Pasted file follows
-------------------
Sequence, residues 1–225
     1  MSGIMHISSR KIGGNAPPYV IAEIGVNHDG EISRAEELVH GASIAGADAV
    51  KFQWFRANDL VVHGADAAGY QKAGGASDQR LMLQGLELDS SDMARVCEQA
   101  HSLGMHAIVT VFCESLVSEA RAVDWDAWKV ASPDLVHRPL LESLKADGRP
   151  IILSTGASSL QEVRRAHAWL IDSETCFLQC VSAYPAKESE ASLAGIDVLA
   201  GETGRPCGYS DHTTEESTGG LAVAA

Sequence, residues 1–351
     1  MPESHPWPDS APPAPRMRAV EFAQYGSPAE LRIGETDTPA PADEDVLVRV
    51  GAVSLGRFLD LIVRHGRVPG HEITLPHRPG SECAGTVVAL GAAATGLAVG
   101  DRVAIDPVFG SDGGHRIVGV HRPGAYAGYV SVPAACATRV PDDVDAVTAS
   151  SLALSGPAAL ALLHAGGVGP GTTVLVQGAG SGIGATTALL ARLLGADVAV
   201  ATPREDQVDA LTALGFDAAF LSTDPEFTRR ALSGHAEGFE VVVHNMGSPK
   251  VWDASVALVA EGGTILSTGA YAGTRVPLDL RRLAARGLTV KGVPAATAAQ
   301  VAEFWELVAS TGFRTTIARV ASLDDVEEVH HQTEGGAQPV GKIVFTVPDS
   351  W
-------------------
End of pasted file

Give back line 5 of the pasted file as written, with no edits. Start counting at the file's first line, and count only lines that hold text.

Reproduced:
   151  IILSTGASSL QEVRRAHAWL IDSETCFLQC VSAYPAKESE ASLAGIDVLA